Mike Rogers voted against it. And this is what he said:
"Innovation is the key to solving the energy crunch and getting Michigan back on its economic feet. Taxation and wasteful spending take us backwards, deeper into an ocean of foreign oil and sky-high gasoline and heating oil prices. That translates into 'no new jobs for Michigan' as well as bad news for the entire country." — Rep.
Mike Rogers, R-Brighton
I agree that innovation is key to solving the energy crunch. And lots of folks think that alternative energy sources could be a huge boost to the MI economy, including Governor Granholm, Thomas Friedman, and -- hey! -- Ethanol Guy Mike Rogers, who earlier this year raved about lithium ion batteries and hydrogen fuel cells.

So how does Mr, Rogers make this leap of logic, equating improved fuel efficiency with taxation and wasteful spending?

Well, despite all of the useful bits contained in the bill, it didn't address the issue of whether states should be allowed to set their own standards for greenhouse gas emissions from cars and trucks. So it looks like Mr. Rogers is out to protect us (yet again!) from those Evil Californians:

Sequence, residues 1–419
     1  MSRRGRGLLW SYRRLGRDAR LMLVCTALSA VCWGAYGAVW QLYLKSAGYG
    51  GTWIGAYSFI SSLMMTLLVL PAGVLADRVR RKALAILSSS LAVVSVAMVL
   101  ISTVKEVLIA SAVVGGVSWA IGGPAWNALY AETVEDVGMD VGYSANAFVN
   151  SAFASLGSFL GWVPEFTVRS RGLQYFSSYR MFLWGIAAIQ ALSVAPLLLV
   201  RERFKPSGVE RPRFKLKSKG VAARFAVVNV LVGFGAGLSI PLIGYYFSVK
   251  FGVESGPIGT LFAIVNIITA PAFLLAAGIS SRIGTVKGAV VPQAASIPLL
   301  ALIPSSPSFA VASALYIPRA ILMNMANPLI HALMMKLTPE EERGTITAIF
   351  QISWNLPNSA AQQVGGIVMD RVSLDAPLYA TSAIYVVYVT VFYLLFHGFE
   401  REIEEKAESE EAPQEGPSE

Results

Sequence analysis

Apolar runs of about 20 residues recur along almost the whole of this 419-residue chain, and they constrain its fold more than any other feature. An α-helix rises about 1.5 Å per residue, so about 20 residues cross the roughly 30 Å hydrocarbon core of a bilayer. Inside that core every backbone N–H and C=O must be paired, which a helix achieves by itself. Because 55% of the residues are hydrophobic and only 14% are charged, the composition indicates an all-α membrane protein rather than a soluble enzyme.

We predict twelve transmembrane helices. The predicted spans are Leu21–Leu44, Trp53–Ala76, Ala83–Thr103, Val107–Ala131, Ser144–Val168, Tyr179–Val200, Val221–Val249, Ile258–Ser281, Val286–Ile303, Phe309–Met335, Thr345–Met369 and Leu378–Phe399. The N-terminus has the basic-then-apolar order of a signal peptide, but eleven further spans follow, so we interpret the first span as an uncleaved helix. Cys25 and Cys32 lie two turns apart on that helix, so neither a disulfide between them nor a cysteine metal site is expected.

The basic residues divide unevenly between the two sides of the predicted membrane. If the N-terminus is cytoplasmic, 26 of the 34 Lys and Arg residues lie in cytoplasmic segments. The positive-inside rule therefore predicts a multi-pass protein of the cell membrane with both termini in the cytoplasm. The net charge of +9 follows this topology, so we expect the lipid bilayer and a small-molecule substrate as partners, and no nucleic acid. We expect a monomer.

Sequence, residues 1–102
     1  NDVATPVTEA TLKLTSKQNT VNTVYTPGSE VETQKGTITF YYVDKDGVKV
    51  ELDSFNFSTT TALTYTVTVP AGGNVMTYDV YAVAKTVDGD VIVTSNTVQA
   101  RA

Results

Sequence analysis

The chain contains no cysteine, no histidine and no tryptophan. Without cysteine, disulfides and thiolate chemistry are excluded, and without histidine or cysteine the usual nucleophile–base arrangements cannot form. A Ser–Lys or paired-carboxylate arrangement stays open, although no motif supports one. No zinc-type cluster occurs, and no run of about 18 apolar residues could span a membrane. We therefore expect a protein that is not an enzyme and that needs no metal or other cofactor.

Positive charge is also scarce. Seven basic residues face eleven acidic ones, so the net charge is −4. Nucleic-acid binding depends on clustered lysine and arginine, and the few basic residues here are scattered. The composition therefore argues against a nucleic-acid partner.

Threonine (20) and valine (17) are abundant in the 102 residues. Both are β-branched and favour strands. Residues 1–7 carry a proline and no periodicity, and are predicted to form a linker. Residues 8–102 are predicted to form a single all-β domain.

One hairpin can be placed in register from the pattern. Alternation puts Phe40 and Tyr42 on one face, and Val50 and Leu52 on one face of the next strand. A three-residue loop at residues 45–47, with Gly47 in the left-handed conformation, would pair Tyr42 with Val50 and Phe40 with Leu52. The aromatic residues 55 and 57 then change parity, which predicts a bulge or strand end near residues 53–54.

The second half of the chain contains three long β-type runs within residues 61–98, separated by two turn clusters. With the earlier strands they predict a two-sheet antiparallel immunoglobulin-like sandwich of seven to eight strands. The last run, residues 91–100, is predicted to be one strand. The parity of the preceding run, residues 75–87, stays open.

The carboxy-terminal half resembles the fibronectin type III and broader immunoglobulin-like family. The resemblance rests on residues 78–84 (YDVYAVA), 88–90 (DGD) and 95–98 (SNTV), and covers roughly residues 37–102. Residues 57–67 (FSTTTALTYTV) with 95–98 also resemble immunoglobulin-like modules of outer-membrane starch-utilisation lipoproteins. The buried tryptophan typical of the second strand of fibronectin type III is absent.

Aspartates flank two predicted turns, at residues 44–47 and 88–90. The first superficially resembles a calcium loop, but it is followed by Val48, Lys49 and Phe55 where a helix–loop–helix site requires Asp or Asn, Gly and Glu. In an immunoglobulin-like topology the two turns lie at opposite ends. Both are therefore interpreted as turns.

"California would still be allowed to design American cars, and the only thing worse than that is to have Congress designing our cars," Rogers said in a statement.

"American families ought to decide what cars they want to drive, not the state of California where extremism continues to damage the manufacture of American cars and hurt American workers."

I'll type slowly so that Mr. Rogers can follow along.

1.) Until yesterday, the CAFE standards hadn't changed since 1975. Remind me again how the U.S. auto industry has been doing during that time?